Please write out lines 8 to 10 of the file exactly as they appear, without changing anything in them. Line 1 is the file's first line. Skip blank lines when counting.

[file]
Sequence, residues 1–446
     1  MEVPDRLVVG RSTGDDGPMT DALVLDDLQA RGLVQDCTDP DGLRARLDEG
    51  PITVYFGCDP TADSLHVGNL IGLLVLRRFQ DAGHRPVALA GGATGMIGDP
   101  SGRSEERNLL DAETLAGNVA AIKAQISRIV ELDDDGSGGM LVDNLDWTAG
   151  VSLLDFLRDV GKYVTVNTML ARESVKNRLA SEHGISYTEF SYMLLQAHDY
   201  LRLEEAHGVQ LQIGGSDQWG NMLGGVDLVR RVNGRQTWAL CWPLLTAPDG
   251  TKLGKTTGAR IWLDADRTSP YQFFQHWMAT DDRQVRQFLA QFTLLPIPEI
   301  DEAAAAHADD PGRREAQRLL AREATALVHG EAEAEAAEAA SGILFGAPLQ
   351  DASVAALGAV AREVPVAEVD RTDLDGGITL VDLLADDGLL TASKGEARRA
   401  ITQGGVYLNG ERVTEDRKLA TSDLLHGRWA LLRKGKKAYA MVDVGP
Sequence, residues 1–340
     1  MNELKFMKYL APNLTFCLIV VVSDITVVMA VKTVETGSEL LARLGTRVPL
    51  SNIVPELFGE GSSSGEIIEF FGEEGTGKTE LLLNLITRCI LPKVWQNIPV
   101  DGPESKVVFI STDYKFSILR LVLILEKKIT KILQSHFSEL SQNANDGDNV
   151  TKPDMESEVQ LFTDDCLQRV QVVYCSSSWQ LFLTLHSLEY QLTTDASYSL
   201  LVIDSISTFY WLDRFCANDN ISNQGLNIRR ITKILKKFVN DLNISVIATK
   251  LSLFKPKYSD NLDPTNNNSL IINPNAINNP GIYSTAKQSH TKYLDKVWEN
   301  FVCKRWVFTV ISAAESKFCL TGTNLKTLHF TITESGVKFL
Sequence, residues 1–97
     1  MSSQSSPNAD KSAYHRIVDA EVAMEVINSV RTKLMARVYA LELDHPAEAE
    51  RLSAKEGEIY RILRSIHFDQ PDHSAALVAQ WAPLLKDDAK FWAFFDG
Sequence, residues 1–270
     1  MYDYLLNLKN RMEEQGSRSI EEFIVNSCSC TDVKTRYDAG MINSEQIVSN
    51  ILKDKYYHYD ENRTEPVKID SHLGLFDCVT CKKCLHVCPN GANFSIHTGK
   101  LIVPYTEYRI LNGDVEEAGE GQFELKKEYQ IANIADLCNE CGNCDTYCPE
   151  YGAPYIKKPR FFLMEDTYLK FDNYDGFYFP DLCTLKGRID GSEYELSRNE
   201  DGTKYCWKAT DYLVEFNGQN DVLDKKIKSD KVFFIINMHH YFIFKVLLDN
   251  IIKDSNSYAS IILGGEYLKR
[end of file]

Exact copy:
   301  DEAAAAHADD PGRREAQRLL AREATALVHG EAEAEAAEAA SGILFGAPLQ
   351  DASVAALGAV AREVPVAEVD RTDLDGGITL VDLLADDGLL TASKGEARRA
   401  ITQGGVYLNG ERVTEDRKLA TSDLLHGRWA LLRKGKKAYA MVDVGP